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Regions

Comprehensive description of all European growing areas, their grape varieties, traditions and legal rules with maps.

Wine regions in Netherlands 3 growing regions

Description to Netherlands

The Kingdom of the Netherlands (Dutch: Nederland and Frisian: Nederlân), with its capital Amsterdam and seat of government in The Hague, consists of four autonomous countries in Europe (heartland) and in the Caribbean (3 islands) north of the equator. The heartland, which is largely located in northern Western Europe, covers 41,543 km² and is bordered by the North Sea to the north and west, Belgium to the south and Germany to the east. The Netherlands is divided into twelve provinces. Together with neighbouring Belgium and Luxembourg, they form the Benelux countries.

Niederlande - Landkarte, Flagge und Inseln

The three island groups of Bonaire (288 km²), Sint Eustatius (21 km²) and Saba (13 km²) form the Caribbean Netherlands and have the status of "Bijzondere Gemeenten" (special municipalities) of the country. Other Dutch Caribbean territories are not part of the Netherlands, but are autonomous countries within the Kingdom of the Netherlands with their own constitution, currency and government. The head of state is the respective Belgian king or queen, who is represented by a governor. These are Aruba (179 km²), Curaçao (444 km²) and Sint Maarten (34 km²).

History

Holland (the heartland of today's Netherlands) had a major influence on the spirits and wine trade in the late Middle Ages. From the end of the 16th century, Holland rose to become the leading maritime power, far ahead of England, France, Portugal and Spain. By 1650, Holland had the largest merchant fleet in the world with around 10,000 ships. Alcoholic beverages were purchased all over Europe and transported by ship to the colonies in North America, the Dutch East Indies (Indonesia), New Zealand and Tasmania. The Dutch were also the main suppliers to European countries. The port of Rotterdam developed into a major transhipment centre for wine. The Dutch were great masters of distillation and produced huge quantities of jenever (grain wine) and brandewijn (brandy), which was used either pure or as an addition to wine and drinking water. The resulting shelf life was a prerequisite for the long voyages.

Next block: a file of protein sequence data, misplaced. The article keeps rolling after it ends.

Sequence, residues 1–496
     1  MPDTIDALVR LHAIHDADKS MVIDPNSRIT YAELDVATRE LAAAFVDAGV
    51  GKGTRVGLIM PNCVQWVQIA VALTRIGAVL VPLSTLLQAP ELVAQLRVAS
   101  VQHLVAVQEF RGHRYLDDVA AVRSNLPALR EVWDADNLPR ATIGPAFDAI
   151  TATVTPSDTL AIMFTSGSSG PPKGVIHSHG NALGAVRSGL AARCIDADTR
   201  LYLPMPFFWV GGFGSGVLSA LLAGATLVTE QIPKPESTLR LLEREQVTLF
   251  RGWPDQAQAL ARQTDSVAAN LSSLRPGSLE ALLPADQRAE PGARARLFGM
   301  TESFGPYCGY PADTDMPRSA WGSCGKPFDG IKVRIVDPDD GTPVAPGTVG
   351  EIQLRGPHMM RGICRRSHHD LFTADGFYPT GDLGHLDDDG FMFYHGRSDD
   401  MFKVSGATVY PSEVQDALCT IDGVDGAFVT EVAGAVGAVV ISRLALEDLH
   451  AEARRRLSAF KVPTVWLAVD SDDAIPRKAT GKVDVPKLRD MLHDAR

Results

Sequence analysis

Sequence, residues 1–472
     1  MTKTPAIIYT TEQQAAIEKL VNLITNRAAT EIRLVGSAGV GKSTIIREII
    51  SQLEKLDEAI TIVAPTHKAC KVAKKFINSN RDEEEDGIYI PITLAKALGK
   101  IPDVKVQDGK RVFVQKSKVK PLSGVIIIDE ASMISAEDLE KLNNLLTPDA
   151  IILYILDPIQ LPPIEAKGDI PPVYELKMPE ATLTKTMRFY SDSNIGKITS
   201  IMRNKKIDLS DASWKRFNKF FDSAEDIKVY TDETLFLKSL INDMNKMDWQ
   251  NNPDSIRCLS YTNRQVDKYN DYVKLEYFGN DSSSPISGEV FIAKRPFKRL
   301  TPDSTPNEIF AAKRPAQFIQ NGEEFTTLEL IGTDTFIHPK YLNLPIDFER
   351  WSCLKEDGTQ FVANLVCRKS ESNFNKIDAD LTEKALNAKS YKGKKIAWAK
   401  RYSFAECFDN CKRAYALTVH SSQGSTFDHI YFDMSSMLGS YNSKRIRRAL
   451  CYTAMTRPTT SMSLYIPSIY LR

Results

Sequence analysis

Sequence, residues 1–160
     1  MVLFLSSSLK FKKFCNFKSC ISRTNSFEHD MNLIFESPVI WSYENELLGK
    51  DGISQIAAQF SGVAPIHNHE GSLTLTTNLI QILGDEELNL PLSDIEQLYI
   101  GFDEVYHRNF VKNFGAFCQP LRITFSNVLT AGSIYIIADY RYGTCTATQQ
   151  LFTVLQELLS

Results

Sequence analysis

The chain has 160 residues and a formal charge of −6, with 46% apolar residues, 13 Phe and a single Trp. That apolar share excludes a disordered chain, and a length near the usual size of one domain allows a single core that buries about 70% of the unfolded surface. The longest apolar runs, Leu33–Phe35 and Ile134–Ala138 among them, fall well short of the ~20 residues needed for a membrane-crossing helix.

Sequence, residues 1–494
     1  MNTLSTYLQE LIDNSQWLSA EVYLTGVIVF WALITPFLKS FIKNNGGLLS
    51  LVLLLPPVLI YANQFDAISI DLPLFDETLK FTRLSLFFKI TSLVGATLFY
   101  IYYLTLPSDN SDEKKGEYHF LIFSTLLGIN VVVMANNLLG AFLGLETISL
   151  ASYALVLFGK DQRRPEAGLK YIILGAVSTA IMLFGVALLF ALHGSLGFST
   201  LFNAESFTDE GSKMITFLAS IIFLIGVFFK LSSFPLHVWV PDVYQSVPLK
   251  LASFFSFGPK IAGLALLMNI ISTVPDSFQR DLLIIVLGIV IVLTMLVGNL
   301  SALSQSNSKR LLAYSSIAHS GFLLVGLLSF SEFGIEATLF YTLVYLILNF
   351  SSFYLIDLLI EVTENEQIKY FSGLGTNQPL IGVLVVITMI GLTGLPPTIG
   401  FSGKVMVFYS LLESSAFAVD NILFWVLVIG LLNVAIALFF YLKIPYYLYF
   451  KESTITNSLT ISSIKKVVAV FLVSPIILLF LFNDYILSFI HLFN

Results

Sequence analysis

Niederlande - Ankunft auf Java - Weinberg unterhalb von Schloss Neercanne bei Maastricht

Influence on European viticulture

As a result, the spriting of wines such as Malaga, Madeira, port and sherry became established. The Dutch are also to thank for the triumph of cognac, as they inspired the winegrowers of Charente to distil their wine. The English, who imported cognac in large quantities and set certain quality standards, contributed to its perfection. In order to increase the supply of popular wines, blending with simple wines was practised excessively.

The Dutch also adapted quickly and flexibly to consumer demands. When the demand for sack (fortified wines from Spain) and sweet wines increased in England in the 16th century, large quantities of such wines were imported from Spain, the Canary Islands, the Portuguese island of Madeira and the Greek island of Crete. As a result, Holland played a significant role in the development of certain types of wine and acquired extensive knowledge of storage, transport and trade. Due to their specialised knowledge of this technique, it was also the Dutch who drained the swamps in the French Médoc in the mid-17th century and created the basis for the rapid upswing in viticulture. There is evidence of viticulture in the southern province of Limburg dating back to 1324.

Viticulture in the Netherlands

The introduction of beer, the deteriorating climate in the wake of the Little Ice Age, phylloxera and the conquest of the Netherlands by Napoleon (1769-1821) virtually wiped out viticulture, but the last vineyard near Maastricht was not abandoned until 1946. It was then revived on a small scale at the end of the 1960s.

There are the country wine areas(PGI) Drenthe, Flevoland, Friesland, Gelderland, Groningen, Limburg, Noord-Brabant, Noord-Holland, Overijssel, Utrecht, Zeeland and Zuid-Holland as well as the two quality wine areas(PDO) Mergelland and Maasvallei Limburg (cross-border together with Belgium). Important grape varieties are Auxerrois, Chardonnay, Gewürztraminer, Müller-Thurgau, Riesling, Pinot Gris, Pinot Blanc and Pinot Noir. Due to their low alcohol content, the wines usually have to be fortified. The best-known winery in the Netherlands is Apostelhoeve near Maastricht. However, the demand for wine is covered by imports, mainly from Germany. Viticulture could gain in importance due to climate change.

Map: © Goruma
Flag: by Zscout370 - Own work, Public domain, Link

Arrival Java: By Levinus Hulsius, Public domain, Link
Vineyard: By Pivos, CC BY-SA 3.0, Link
Source 1st paragraph: WIKIPEDIA Netherlands

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